District of Columbia
The District of Columbia Department of Health began receiving funds from CDC in 2001 to support a heart disease and stroke prevention program.
Burden of Heart Disease and Stroke
- More than 1 out of 4 deaths in the District of Columbia are due to heart disease. (National Vital Statistics Report, 2008.)
- 1,518 District of Columbia residents died from heart disease in 2005 (27.7% of total deaths in the District of Columbia). (National Vital Statistics Report, 2008.)
- 231 District of Columbia. residents died from stroke in 2005 (4.2% of total deaths in the District of Columbia). (National Vital Statistics Report, 2008.)
- According to 2007 Behavioral Risk Factor Surveillance System (BRFSS) survey results, adults in the District of Columbia reported the following risk factors for heart disease and stroke:
- 28.6% had high blood pressure
- 34.1% of those screened reported having high blood cholesterol
- 8.1% had diabetes
- 17.2% were current smokers
- 55.3% were overweight or obese (Body Mass Index greater than or equal to 25.0)
- 46.1% reported no exercise in the prior 30 days
- 75.6% ate fruit and vegetables less than 5 times a day
|Risk Factor||District of Columbia||Nationwide (States and D.C.)|
|Eat fruits and vegetables less than 5 times/day||67.5||75.6|
|Overweight or obese||55.3||62.9|
|No moderate or vigorous physical activity||46.1||50.5|
|High total blood cholesterol||34.1||37.6|
|High blood pressure||28.6||27.8|
- Facilitate collaboration among public and private sector partners, such as managed care organizations, health insurers, federally funded health centers, businesses, priority population organizations, and emergency response agencies.
- Define the burden of heart disease and stroke and assess existing population-based strategies for primary and secondary prevention of heart disease and stroke within the state.
- Develop and update a comprehensive state plan for heart disease and stroke prevention with emphasis on heart-healthy policies development, physical and social environments change, and disparities elimination (e.g., based on geography, gender, race or ethnicity, or socioeconomic status).
- Identify culturally appropriate approaches to promote heart disease and stroke prevention among racial, ethnic, and other priority populations.
- Use population-based public health strategies to increase public awareness of the signs and symptoms of heart diseases and stroke, the urgency of early treatment for heart disease and stroke, and the need to call 9-1-1.
- The Cardiovascular Health Program (CHP), in conjunction with the American Heart Association (AHA), American Stroke Association, and the Washington Hospital Center, commenced an assessment of the District to support the development of a comprehensive stroke systems plan. As part of this assessment, the Acute Stroke Program of Interventions Addressing Racial and Ethnic Disparities (ASPIRE) program—a National Institutes of Health funded study—will review standards of care for stroke patients in the District, with a focus on underserved populations.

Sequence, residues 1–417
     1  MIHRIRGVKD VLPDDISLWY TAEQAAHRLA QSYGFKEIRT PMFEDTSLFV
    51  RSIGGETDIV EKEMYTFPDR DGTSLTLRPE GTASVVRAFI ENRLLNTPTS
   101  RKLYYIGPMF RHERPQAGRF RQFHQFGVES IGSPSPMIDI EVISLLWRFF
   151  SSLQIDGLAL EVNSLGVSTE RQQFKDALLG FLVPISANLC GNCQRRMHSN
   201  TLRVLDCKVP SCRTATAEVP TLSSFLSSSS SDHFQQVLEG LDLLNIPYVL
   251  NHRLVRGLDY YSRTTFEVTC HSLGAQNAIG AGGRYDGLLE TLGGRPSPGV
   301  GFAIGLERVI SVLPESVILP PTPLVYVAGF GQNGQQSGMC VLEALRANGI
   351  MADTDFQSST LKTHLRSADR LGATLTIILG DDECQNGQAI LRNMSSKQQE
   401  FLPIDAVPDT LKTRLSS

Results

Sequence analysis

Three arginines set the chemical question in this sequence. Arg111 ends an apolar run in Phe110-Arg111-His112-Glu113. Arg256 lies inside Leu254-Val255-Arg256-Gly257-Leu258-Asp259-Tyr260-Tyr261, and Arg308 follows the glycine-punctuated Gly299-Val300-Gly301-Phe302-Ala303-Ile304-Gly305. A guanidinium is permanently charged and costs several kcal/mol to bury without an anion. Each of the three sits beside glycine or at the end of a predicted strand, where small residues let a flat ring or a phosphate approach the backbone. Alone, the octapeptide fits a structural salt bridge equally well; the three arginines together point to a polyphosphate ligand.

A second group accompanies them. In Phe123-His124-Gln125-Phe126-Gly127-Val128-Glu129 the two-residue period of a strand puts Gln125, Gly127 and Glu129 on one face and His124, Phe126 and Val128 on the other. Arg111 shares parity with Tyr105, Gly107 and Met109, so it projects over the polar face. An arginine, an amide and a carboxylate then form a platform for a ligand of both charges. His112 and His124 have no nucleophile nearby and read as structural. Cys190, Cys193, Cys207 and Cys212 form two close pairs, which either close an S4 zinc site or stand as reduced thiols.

- The Bureau of Cancer and Chronic Disease, where the CHP resides, funds the development of the D.C. Chronic Care Initiative (CCI) and Chronic Care Coalition (CCC) via local tobacco settlement funds. In 2009, nine chronic disease management projects were funded to redesign and promote high quality care and address systemic health care inequities.
- The CHP participated in the development of draft legislation entitled “The Food, Environmental, and Economic Development in the District of Columbia Act of 2010,” also known as the FEED Act. This legislation seeks to expand access to healthy foods in low-income areas, establish a commercial distribution system for fresh produce, and improve accessibility of the public nutrition benefits programs. This is one of many efforts to address factors related to the cardiovascular health and wellness of the city’s population.
- From July 2009 to June 2010, a stroke awareness program was piloted in 53 medically underserved locations, which resulted in 1,087 residents attending program trainings.
- In September 2010, 50 Stroke Educators were trained to facilitate 500 educational sessions throughout the District.
- The CHP developed a web-based policy and environmental assessment tool for District worksites. This tool surveys the status of worksite wellness activities amongst District employers.
- The CHP spearheaded the designation of the D.C. Department of Health (DOH) as an AHA “Fit Friendly Company.” To date, the DOH remains one of the few state health departments with this designation.
- The CHP funded the development of a stroke collaborative among seven acute care, adult-serving District hospitals to help standardize stroke treatment activities throughout the District. All hospitals have agreed to use the Joint Commission’s enhanced version of the American Heart Association’s Get with the Guidelines stroke tool. Currently, the three certified primary stroke centers are mentoring the four remaining hospitals and assisting in the credentialing process. The D.C. Hospital Association, AHA, and Delmarva (the area Quality Improvement organization) served as the leaders of this effort. Because of this project’s success, the D.C. Hospital Association is continuing the collaboration to institute quality improvements for other priority chronic disease conditions.
To view county-level data, visit our interactive map site.